The interview with Angela Lansbury is filled with Broadway stories of note but it is her story of telling Howard Ashman and Alan Menken that the song they wanted her to sing in Disney’s movie Beauty and the Beast was not “quite my style” that jumps off the page. “They said ‘we don’t mind, you do it the way you’d like to do it if you were playing this tea pot.” She made a demo for them the way she’d sing it and “that’s how that came about.”
Donna McKechnie’s comments on the duty performers have to the audience. “The art of our work is that you re-create an opening night every night of the week. It goes right to the hard-earned money of the audience. Even when tickets were only ten dollars apiece, it’s still their hard-earned money. For me, the great challenge was to re-create that experience every night because its an opening night for that audience.”
Chita Rivera’s legendary positive attitude toward life and the stage comes through. She also details her habit of standing in the wings to watch with every spare moment she had for all of her shows. “That’s how I learned” she says.
Nothing Like a Dame:
Conversations with the Great Women of Musical Theater
by Eddie Shapiro
384 pages with 65 black and white photos
List price $39.95
In all, there are twenty interviews in the printed book but the table of contents lists a twenty-first with a website address where you can call it up on your computer. That one is of Tonya Pinkins, whose Tony Award was for her performance in the title role in Caroline, or Change. Exactly why it is missing from the book or why it is available online is unexplained.
You can read that one here which will give you not just a chance to get to know Ms. Pinkins but a feel for what the entire collection is like. But beware. It is the most negative of all the interviews and Shapiro seems to have been off his stride a bit, neglecting to probe deeply enough to clear up such mysteries as just what happened to Ms. Pinkins’ Tony Award which she says she doesn’t have. Somehow “its a long story” isn’t a sufficient answer.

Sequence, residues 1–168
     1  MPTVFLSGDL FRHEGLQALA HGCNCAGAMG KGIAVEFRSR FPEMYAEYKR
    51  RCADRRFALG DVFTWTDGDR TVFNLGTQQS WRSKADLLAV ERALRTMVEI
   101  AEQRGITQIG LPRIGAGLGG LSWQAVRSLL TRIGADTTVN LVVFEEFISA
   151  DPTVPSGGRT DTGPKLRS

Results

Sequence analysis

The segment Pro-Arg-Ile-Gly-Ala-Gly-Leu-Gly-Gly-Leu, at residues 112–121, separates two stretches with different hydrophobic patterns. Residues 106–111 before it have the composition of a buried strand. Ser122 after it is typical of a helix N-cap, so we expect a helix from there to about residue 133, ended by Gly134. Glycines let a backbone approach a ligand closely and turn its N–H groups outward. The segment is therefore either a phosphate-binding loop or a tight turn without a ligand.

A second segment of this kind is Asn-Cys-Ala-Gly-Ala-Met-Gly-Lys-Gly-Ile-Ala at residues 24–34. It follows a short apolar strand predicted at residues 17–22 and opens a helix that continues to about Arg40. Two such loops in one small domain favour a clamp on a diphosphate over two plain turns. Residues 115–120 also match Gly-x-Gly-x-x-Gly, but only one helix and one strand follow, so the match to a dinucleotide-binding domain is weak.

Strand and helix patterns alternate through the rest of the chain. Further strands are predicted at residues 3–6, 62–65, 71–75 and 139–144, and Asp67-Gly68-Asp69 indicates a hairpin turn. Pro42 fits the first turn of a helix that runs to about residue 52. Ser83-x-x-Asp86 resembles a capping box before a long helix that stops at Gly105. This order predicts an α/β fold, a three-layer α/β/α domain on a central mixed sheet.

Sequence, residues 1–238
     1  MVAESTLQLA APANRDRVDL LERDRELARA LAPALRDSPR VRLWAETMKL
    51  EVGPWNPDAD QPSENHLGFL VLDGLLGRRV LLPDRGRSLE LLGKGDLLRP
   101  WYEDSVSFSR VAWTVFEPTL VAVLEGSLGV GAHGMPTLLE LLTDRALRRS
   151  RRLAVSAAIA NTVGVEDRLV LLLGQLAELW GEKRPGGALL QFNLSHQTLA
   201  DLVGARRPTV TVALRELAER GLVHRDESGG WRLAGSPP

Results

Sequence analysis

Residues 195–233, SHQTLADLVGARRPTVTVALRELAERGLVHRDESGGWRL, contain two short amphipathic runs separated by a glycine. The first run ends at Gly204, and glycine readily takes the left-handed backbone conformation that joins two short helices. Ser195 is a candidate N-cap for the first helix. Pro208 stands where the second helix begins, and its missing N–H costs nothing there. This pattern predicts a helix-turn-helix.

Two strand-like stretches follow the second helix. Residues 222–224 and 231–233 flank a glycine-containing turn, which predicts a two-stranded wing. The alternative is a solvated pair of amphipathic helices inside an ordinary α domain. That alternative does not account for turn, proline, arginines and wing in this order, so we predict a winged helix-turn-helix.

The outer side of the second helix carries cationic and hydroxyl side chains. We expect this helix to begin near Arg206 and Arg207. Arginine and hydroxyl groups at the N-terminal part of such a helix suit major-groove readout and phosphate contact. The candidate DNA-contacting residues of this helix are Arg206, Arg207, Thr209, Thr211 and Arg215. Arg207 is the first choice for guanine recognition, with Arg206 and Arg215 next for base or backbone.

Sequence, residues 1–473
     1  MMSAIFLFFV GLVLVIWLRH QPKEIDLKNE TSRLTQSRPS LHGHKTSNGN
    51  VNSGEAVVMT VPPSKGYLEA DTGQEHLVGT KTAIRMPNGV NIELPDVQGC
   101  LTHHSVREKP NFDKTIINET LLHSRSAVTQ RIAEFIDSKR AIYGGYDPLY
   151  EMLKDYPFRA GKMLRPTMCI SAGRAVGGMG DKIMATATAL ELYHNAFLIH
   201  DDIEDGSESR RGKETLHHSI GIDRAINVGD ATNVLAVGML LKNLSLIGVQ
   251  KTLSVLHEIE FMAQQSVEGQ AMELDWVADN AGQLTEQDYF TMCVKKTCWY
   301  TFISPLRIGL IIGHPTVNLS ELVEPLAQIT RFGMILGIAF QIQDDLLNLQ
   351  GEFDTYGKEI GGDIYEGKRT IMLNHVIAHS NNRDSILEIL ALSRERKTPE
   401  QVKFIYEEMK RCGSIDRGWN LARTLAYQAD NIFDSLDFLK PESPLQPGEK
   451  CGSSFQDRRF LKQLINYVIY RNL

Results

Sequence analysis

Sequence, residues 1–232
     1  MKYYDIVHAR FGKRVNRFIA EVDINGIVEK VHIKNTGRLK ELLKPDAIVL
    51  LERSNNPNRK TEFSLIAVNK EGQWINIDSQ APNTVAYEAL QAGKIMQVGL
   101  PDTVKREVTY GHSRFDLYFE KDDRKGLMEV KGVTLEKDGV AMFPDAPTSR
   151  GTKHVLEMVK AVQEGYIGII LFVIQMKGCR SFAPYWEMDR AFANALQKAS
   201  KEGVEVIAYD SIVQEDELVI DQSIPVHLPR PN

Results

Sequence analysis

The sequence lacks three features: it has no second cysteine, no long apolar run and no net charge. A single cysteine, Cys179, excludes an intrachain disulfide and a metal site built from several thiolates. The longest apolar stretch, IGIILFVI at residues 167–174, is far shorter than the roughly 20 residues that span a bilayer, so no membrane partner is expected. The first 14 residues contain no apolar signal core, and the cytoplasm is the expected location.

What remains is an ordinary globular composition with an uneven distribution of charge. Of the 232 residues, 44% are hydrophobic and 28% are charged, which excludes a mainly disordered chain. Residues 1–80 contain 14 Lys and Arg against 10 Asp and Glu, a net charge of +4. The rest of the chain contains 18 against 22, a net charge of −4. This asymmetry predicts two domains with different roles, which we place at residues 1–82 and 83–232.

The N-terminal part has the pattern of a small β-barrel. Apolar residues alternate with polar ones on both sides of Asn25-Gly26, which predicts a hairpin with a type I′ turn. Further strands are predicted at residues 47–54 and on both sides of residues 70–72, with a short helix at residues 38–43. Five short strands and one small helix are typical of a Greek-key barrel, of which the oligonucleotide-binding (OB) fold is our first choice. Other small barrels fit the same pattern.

In his introduction, Shapiro says he hoped the reader would “feel like a fly on the wall, experiencing these chats as they unfolded.” In that he succeeded.
Perhaps it is because of the enthusiasm he brings to each interview and to the research he did prior to each one. He doesn’t ask dumb questions, nor does he ask questions these women have had to answer dozens, hundreds or thousands of times over the course of careers where press interviews and “meet and greets” are part of the game. For example, when Laura Benanti said that as a girl of four she was obsessed with Snow White and would fall to the floor anytime she bit into an apple, Shapiro asked what I doubt anyone had asked her before: “Would you lie there and wait to be kissed?”
Mostly, however, he plumbs the depths of their memories of highs and lows in careers that by the very nature of show business had to have many of both. They provide a view into the peaks and valleys of Broadway as well.
I’m glad I was a fly on his wall – and I think you will be too.